Here’s your latest weekly roundup of the news that matters in marketing.

Mastercard CMO Raja Rajamannar warns the there are very few marketers out there with both creative and financial experience, putting their roles at risk. M&S have set up a data academy to turn more than 1,000 staff into data scientists, Amazon secures £600m public sector supply deal, Thomas Cook will stop selling tickets to SeaWorld, Florida, and Lidl reportedly plans to build 3,000 homes and a school.


Mastercard on the ‘existential crisis’ facing CMOs and how it can be fixed: The CMO of Mastercard discusses why he believes the ‘existential crisis’ has been caused by the democratisation of tools and techniques.

“The small companies are able to effectively compete against the large companies, which is brilliant, it puts everyone on their toes and innovation grows in leaps and bounds. But that puts a lot of pressure on the big companies because the competition is a lot more intense.

“Large companies, and particularly CEOs and CFOs, are saying, ‘we are spending hundreds of millions of dollars on marketing, what am I getting in return?’.”


M&S to train over 1,000 staff in digital-first initiative: Marks & Spencer moves towards the transition of becoming a digital-first business, launching a brand new skills initiative for staff to create “the most data-literate leadership team in retail”.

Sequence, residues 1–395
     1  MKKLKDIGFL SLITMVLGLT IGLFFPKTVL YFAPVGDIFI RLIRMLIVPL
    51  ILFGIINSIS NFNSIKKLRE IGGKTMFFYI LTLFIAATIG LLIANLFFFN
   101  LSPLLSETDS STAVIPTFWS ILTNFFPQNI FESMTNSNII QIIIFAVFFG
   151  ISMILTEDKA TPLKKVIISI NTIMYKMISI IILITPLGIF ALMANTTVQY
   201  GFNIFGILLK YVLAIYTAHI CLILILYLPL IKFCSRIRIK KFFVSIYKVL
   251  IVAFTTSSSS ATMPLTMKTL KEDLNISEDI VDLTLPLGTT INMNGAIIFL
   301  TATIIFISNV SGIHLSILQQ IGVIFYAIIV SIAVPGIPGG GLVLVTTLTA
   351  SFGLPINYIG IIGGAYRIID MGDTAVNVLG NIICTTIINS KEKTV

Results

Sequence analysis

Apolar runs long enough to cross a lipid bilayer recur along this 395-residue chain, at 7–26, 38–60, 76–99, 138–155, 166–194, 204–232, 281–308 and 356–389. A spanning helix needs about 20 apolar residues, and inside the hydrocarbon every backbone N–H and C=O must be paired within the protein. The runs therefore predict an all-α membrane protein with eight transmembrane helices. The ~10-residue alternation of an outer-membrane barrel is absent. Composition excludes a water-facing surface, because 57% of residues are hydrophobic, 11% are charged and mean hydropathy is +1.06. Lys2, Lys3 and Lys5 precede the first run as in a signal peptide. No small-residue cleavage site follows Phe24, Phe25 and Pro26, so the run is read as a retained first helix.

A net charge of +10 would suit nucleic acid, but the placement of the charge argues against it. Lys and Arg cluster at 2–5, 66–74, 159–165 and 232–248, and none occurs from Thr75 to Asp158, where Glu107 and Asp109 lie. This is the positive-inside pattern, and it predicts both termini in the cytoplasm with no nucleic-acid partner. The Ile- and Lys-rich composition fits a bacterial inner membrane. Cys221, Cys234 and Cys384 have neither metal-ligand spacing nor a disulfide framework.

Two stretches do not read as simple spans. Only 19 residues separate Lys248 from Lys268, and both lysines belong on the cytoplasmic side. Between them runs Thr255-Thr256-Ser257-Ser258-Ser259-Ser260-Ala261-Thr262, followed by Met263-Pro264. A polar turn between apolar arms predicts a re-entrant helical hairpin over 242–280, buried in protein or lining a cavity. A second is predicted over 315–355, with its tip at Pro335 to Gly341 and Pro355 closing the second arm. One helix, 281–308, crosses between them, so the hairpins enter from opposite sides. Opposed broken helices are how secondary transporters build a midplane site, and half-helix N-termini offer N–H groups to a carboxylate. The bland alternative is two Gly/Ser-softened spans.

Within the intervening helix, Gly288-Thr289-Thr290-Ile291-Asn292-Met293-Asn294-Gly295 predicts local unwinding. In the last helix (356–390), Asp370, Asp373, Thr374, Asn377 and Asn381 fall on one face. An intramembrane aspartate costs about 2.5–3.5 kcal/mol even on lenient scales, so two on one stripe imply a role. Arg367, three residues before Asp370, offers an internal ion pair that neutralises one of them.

Amazon to start supplying public sector in £600m deal: The first time a deal like this has ever taken place in the UK, the giant’s new dedicated site will be run through its business division and replace a more complex system which originally featured dozens of different suppliers.

As part of the 5-year deal with Yorkshire Purchasing Organisation (YPO), Amazon will be able to supply everything from staplers to plasters to the public sector, including schools, emergency services, local government and social care.


Thomas Cook to stop selling tickets to SeaWorld amid animal welfare issues: The travel giant made the call after 90% of its customers revealed their concerns about animal welfare at the organisation. It is expected that the firm will cease selling the tickets to the two parks as of next summer.


Lidl to build 3,000 new homes to accommodate new London-based stores: The German retailer has toyed with developments involving housing over the last decade but has so far bui9lt just 335 homes. It now wants to increase its involvement in mixed-use schemes to include offices, hotels, student accommodation and flats.


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